Seven Sisters of Sleep's new full-length, Opium Morals, is a crushingly heavy hunk of sludgy hardcore (or hardcore sludge, if you prefer). The vocals are mostly done as hardcore screams, but there are also some wicked death metal gutturals thrown in to great effect--see the album opener "Ghost Plains" for a good example. The guitars are distorted beyond all reason and stay that way, and the rhythm section lays down all the thunder you would expect. The drumming in particular is worth paying attention to. There's plenty of bombast and fury when needed, but what I like about the percussion most is how well tailored it is to the rest of the music.
The longest song on this album clocks in at just over four minutes, so you'd be forgiven for thinking that each song covers more or less one idea and then moves on. You'd be wrong though. These songs are restless in the best way possible. They rarely end up where they started, which gives them a feeling of space and breadth beyond what their running times suggest. Check out the second track, "Moths" (probably my personal favorite). It starts with a ringing, eerie guitar line over a stately drum line, but before long, the guitars and drums start taking turns upping the ante in tempo and intensity before bringing things back to a sludgy crawl to end the song. "Orphans" starts out with a churning mid-tempo guitar riff, but the song breaks into fast, almost thrash section in the middle before slipping into a doom-paced ending with depths-of-hell gutturals, and the track is only two and a half minutes long.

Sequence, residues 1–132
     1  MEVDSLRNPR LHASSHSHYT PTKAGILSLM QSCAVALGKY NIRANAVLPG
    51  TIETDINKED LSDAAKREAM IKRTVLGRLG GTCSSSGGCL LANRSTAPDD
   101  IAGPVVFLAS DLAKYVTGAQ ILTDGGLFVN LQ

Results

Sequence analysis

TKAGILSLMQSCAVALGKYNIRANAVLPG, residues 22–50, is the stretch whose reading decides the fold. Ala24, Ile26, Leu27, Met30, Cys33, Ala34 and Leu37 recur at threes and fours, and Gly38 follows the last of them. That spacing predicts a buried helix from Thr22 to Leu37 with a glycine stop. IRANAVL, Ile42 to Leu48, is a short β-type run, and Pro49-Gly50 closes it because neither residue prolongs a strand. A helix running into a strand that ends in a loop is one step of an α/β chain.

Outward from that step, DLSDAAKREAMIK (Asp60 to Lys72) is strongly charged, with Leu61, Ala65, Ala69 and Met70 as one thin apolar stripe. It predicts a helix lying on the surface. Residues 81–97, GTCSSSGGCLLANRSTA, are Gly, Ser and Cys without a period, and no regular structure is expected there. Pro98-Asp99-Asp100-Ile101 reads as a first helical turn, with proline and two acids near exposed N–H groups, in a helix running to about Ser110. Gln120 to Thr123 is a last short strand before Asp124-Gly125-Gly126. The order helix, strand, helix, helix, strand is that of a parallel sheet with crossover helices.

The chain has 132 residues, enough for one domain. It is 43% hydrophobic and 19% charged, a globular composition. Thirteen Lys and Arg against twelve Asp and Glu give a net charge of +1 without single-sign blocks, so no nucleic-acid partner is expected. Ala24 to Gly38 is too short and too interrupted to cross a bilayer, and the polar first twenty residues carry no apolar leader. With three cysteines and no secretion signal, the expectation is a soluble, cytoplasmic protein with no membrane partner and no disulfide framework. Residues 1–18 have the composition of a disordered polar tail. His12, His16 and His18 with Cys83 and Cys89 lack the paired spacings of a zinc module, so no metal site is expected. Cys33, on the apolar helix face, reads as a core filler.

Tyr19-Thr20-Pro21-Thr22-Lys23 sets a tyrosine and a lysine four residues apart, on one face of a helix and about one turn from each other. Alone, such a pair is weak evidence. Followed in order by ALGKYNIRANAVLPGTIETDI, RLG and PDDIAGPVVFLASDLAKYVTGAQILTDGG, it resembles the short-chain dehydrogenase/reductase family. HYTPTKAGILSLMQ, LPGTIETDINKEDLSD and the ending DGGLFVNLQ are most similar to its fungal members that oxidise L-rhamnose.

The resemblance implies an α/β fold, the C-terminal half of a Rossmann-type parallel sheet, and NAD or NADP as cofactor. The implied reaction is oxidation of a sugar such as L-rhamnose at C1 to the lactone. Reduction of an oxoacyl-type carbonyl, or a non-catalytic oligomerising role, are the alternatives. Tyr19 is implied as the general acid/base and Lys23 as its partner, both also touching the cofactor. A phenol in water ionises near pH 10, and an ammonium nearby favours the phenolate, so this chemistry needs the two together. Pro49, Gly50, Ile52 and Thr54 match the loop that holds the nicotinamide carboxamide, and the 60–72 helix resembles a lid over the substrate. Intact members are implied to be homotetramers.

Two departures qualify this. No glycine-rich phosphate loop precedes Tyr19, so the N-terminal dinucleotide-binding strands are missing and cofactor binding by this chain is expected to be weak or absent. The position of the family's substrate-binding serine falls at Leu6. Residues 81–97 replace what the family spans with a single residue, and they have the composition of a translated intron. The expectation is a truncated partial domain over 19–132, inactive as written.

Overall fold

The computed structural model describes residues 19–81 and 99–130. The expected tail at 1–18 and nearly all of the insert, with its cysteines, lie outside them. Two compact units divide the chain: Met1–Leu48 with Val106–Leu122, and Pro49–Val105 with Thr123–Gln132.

Opium Morals is a great addition to the already impressive A389 Recordings catalog. It's shaping up to be a good year for the label. If you want more proof, check out their Bandcamp sampler here.
[Go to the post to view the Bandcamp player]